Multiple news outlets are reporting that Robert Latimer has submitted a letter to the Minister of Justice seeking a pardon or a new trial following his conviction for the murder of his daughter Tracy in 1993.
Latimer has been free on parole since 2010. Contrary to some media reports, Latimer has been able to travel outside Canada since 2015, according to the Globe and Mail.
Disability rights activists are concerned that the pardon request is a “symptom and effect of the continuing devaluation of disabled people” as shown by the legalization of assisted suicide and euthanasia in 2016, according to Amy Hasbrouck, director of Toujours Vivant-Not Dead Yet. She notes that individual choice is supposed to be key to the suspension of homicide laws in cases of assisted suicide and euthanasia. “Yet Tracy was not given a choice.”
Hasbrouck says public policies that favour institutional care over home-based supports, and failure to fund such supports, as well as palliative care, deprive disabled people of any real choice in where and how they live. “Under those circumstances, how can the choice to die be truly ‘free’?” she said.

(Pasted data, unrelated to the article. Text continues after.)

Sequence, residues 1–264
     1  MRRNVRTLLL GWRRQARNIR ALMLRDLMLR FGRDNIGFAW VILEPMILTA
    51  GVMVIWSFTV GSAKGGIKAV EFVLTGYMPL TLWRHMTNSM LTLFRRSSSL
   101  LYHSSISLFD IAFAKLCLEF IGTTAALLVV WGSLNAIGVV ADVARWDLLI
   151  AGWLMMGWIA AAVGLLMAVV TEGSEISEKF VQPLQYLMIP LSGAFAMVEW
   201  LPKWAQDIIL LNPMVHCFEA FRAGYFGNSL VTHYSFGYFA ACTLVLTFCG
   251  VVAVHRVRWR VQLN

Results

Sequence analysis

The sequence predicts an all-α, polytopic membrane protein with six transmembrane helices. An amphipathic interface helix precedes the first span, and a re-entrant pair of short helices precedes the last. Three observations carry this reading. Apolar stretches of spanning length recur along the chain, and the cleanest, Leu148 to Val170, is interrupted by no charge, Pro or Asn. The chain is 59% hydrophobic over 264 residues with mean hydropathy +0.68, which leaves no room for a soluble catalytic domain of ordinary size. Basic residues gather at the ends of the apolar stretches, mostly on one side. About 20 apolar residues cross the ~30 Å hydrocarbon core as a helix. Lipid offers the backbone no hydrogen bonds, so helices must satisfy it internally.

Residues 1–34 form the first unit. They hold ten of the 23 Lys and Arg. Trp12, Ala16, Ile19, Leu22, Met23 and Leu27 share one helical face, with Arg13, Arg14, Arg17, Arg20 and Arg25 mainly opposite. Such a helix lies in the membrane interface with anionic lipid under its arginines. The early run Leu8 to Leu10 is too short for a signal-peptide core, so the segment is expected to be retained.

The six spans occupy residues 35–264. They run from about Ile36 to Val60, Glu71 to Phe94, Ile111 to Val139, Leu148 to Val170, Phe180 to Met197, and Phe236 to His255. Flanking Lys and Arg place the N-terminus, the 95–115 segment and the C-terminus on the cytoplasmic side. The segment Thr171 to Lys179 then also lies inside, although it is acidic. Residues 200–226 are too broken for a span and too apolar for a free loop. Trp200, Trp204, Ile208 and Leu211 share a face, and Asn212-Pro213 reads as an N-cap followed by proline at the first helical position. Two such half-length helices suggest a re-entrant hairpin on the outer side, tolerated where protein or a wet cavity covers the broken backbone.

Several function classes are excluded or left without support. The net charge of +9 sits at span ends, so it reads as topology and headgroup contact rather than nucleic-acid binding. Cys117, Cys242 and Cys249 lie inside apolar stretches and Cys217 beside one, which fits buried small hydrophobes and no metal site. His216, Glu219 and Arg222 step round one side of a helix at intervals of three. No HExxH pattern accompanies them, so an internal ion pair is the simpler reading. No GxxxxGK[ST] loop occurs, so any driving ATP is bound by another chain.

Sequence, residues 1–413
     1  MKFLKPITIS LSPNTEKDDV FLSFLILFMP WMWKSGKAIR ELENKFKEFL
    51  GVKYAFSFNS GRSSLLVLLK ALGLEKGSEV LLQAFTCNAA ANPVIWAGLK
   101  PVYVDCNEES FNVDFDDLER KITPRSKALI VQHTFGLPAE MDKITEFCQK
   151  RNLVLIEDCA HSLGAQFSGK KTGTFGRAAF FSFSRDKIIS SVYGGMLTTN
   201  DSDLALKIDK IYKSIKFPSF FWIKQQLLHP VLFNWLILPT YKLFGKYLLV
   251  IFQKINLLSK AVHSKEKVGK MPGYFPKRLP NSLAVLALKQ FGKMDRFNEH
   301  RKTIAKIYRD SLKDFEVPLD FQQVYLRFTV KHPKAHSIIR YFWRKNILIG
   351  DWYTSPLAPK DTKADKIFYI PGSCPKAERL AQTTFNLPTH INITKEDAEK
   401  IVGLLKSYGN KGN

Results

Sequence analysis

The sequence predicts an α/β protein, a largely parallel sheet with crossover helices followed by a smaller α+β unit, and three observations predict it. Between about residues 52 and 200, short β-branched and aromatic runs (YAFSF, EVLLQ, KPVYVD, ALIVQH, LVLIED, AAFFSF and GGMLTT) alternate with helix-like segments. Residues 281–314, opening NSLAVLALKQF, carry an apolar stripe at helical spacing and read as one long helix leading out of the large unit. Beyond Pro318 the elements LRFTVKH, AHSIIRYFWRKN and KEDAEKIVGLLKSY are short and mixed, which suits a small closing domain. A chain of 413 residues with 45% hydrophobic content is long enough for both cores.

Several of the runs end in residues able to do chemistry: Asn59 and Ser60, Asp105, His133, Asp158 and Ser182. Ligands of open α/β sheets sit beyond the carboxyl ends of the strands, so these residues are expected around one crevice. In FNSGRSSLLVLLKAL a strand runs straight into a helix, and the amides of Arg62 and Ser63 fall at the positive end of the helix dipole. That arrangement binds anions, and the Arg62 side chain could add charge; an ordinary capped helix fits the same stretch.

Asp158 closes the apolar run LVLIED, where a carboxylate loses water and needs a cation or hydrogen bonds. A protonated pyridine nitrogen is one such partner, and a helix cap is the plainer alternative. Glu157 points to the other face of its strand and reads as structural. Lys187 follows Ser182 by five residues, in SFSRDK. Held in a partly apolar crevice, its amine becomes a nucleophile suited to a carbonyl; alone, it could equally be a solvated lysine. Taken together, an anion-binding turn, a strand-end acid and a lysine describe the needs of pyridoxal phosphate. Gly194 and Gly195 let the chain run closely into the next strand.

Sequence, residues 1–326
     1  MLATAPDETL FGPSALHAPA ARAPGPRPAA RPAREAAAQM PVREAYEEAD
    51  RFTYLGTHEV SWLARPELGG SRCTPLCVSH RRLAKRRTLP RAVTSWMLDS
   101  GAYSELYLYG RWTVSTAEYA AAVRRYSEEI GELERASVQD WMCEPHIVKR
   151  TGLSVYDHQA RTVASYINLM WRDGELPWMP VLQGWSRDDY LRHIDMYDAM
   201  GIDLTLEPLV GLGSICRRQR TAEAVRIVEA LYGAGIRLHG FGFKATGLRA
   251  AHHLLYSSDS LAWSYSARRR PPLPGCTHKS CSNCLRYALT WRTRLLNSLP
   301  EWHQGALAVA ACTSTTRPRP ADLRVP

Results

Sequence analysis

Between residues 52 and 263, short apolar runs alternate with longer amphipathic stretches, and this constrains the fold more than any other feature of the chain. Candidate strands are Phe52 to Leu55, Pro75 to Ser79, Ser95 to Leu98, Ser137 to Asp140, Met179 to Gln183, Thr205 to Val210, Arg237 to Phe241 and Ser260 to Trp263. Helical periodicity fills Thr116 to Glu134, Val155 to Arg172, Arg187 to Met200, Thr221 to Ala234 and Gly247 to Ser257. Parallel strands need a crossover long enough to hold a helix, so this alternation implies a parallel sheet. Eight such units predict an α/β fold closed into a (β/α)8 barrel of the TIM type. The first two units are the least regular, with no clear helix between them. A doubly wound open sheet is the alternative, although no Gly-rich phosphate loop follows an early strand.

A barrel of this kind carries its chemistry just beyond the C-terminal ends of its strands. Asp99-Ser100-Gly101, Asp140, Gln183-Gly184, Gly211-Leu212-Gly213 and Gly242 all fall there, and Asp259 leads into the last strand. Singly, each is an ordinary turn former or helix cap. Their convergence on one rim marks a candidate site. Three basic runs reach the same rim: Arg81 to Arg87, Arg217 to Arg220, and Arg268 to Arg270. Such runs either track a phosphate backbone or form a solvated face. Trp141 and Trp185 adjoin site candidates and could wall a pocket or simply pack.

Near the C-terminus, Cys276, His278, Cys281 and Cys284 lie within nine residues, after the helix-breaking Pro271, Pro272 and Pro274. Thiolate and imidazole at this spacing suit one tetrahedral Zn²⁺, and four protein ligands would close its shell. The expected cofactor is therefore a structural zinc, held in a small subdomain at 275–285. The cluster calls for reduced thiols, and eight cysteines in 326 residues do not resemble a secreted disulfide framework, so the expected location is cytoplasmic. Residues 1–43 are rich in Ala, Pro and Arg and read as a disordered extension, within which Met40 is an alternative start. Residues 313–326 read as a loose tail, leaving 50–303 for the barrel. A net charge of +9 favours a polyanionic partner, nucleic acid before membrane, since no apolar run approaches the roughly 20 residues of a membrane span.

Though Hasbrouck agrees that Tracy Latimer should have received effective pain relief, she finds the statement that ‘Tracy Latimer’s life should have ended ‘unintentionally’ as a secondary consequence of her physicians’ administration of opiates to alleviate her pain,” to be “ignorant, insulting, and offensive.”
Hasbrouck also points to a claim made by Latimer’s attorney Jason Gratl that “[g]ranting a pardon to Mr. Latimer does not detract from any value or principle.”
“Pardoning Tracy’s killer would signal a failure of the Government’s commitment to equality, justice, and ending discrimination against disabled Canadians,” said Hasbrouck.
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She noted that the Latimer conviction was “the exception to the rule” that parents who kill their disabled children receive more lenient treatment from the criminal justice system than do parents who kill their non-disabled children.
Toujours Vivant-Not Dead Yet (TVNDY) is a nonreligious and nonpartisan organization established in 2013 by and for people with disabilities as a project of the Council of Canadians with Disabilities. Our goal is to inform, unify and give voice to the disability rights opposition to assisted suicide, euthanasia, and other life-ending practices that have a disproportionate impact on people with disabilities.